Sometimes movie development news falls into a sort of “well, duh” category, because the newly announced film project already seemed inevitable. But, if it’s big enough of a story, it’s still news even if it surprises no one. Trey Parker and Matt Stone, the masterminds behind South Park and Team America: World Police, have just announced such a project. Parker and Stone have confirmed that they do indeed plan to someday adapt their recent Broadway hit musical (and multiple Tony winner) The Book of Mormon as a feature film. For those unfamiliar with the play, The Book of Mormon tells the story of two young Mormon missionaries who travel to wartorn Uganda in search of new converts, which leads to them having to deal with a violent warlord and the realities of Third World poverty, famine and disease. And along the way, there’s about twenty rousing musical numbers and plenty of jokes (and not jokes) about faith. The Book of Mormon was cocreated by Parker and Stone with Robert Lopez, one of the cowriters/co-composers of the 2003 hit musical (and similarly toned, comedically) Avenue Q. This story, does however, have a big asterisk at the end of that announcement: “Hopefully, it will have a big run and a big tour and then we can do the movie in several years,” said Trey Parker, who is likely to direct the eventual film adaptation. That’s right, “several years,” as in probably not before 2015.


It’s already been four years now since Seth Rogen and Jay Baruchel produced an 86 second teaser on YouTube for a planned comedy called, at the time, Jay and Seth Versus The Apocalypse. Promoting 50/50 and Take This Waltz at the Toronto International Film Festival this week, Seth Rogen has finally confirmed that the movie should start filming in February, 2012. The title has now been shortened however, to just The Apocalypse, due to a shift in the film’s concept. Instead of just being about Jay and Seth, The Apocalypse will also costar their pals (and frequent costars) Jonah Hill and James Franco. The basic premise remains the same, but now all four actors will be playing themselves in a fictional comedic scenario in which they are stuck together in a house while some sort of apocalypse is going on outside. “They think they’ve kind of survived the worst and then they realize they all really can’t stand to be around each other as they’re stuck in this house together,” Seth Rogen elaborated. The plan is for Seth Rogen and his frequent writing collaborator Evan Goldberg (Superbad, Pineapple Express) to make their directorial debuts with The Apocalypse.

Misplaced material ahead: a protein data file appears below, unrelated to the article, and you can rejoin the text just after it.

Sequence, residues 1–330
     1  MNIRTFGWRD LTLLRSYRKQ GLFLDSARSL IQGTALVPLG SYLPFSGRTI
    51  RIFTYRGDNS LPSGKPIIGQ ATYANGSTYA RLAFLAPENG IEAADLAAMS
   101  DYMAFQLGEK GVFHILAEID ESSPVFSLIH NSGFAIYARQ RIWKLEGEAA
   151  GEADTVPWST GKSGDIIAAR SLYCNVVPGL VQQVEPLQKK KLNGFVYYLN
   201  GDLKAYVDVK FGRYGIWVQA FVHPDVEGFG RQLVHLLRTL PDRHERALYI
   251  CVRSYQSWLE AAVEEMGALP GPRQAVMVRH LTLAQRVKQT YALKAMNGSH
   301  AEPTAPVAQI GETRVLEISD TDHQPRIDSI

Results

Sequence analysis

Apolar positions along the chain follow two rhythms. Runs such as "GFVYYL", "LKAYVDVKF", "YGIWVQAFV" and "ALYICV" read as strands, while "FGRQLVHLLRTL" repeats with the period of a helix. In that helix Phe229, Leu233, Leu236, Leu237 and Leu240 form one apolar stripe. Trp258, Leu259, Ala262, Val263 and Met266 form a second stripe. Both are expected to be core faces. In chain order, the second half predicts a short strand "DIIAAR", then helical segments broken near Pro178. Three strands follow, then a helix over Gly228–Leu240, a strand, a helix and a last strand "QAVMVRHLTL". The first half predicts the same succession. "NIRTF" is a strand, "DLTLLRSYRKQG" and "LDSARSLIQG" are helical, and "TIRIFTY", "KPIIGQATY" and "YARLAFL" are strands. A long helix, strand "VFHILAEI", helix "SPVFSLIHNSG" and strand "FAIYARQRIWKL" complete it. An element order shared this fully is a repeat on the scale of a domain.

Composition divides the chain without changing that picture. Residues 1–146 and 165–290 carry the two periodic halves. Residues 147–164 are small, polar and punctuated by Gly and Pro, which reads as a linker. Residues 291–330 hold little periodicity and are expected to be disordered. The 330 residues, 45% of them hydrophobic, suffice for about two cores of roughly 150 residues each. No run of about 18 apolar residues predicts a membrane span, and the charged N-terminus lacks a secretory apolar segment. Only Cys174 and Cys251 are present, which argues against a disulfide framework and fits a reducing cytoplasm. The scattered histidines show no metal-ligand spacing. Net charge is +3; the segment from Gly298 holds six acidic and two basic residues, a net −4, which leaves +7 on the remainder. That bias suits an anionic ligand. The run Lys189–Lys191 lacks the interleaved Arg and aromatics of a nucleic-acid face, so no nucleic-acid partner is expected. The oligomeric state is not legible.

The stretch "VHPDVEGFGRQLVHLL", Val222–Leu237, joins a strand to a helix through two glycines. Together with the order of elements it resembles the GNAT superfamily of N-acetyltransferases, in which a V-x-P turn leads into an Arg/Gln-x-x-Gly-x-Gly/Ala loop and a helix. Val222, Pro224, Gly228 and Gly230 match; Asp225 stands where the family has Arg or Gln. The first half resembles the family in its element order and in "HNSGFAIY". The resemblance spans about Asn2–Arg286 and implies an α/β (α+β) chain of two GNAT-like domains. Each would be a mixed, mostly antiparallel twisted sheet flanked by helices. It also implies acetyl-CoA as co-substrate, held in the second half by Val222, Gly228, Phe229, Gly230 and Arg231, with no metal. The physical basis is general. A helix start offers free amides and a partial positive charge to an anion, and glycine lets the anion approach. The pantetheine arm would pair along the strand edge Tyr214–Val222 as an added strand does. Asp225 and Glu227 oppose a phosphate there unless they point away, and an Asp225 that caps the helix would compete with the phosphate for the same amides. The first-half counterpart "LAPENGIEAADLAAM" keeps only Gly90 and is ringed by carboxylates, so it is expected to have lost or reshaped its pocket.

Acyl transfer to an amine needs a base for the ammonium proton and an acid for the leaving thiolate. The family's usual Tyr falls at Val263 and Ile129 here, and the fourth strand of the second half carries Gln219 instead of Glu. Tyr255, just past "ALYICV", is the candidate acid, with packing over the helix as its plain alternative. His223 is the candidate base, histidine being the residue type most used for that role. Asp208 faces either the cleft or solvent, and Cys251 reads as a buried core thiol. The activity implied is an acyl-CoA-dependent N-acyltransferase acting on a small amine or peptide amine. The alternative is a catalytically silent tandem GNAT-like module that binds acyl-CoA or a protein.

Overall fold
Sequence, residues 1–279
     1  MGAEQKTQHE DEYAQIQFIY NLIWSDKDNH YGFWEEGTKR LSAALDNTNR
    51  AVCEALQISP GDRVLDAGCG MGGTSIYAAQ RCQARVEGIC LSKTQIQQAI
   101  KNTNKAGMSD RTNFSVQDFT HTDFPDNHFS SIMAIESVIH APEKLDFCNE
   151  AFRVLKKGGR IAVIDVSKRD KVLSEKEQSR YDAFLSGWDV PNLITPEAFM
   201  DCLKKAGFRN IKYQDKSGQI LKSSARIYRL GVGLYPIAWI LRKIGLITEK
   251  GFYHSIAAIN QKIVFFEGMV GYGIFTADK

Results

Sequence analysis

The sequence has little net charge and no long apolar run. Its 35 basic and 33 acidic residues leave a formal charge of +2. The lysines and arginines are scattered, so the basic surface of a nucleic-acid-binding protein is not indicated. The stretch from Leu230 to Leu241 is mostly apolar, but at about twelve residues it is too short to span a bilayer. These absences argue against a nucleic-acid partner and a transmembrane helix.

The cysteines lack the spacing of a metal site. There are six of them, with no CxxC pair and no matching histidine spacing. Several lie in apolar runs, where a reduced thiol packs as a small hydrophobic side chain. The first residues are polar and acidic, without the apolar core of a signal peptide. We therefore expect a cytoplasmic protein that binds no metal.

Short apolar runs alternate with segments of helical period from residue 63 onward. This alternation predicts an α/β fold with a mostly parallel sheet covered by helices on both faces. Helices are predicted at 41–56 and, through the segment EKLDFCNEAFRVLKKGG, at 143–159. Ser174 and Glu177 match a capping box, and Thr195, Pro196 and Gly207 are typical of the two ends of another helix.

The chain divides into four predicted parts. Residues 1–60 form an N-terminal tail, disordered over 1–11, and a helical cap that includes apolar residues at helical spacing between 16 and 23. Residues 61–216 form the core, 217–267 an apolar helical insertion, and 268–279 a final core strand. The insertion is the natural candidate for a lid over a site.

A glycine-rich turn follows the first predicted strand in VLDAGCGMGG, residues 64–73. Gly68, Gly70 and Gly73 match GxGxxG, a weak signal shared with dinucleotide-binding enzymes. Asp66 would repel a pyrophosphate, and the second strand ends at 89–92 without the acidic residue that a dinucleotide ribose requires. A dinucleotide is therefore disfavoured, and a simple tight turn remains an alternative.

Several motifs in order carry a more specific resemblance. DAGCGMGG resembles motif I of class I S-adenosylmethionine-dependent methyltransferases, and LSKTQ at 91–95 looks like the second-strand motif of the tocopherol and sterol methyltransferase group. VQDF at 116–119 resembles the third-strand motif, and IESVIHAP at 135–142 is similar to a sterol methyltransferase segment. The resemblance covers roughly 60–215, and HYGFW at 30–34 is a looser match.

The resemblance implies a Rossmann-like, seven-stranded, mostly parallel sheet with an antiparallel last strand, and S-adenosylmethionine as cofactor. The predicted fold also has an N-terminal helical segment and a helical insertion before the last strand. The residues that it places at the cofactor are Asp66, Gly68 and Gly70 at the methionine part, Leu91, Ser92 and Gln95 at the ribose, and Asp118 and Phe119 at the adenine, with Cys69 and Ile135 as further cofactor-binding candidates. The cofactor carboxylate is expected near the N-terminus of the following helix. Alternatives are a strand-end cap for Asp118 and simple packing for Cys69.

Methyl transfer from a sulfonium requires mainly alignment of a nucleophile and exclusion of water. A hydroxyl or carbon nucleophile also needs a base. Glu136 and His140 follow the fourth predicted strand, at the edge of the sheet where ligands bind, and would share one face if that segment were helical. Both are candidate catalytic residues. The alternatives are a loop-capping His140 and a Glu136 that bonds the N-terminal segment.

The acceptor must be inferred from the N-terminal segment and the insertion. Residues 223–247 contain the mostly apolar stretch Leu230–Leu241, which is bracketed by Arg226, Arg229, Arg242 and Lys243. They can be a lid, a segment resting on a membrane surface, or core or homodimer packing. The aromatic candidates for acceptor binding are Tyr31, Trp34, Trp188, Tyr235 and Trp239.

Hugh Grant is the latest actor to join the ever expanding cast of Cloud Atlas, the ensemble quasi-sci-fi drama adaptation that is being directed as a collaboration between Tom Tykwer (Run Lola Run, The International) and Andy and Lana Wachowski (The Matrix, Speed Racer). Hugh Grant joins a cast that already includes Tom Hanks, Halle Berry, Jim Broadbent, Susan Sarandon, Hugo Weaving, Ben Whishaw and South Korean actress Bae Doona. Filming of Cloud Atlas started this week in Glasgow, Scotland, and there are already images of Halle Berry and Ben Whishaw filming together (other locations will include Germany and Spain). Cloud Atlas is based upon the novel by David Mitchell and tells a series of stories set across history as people in different eras and locations experience echoes from each other from both the past and future.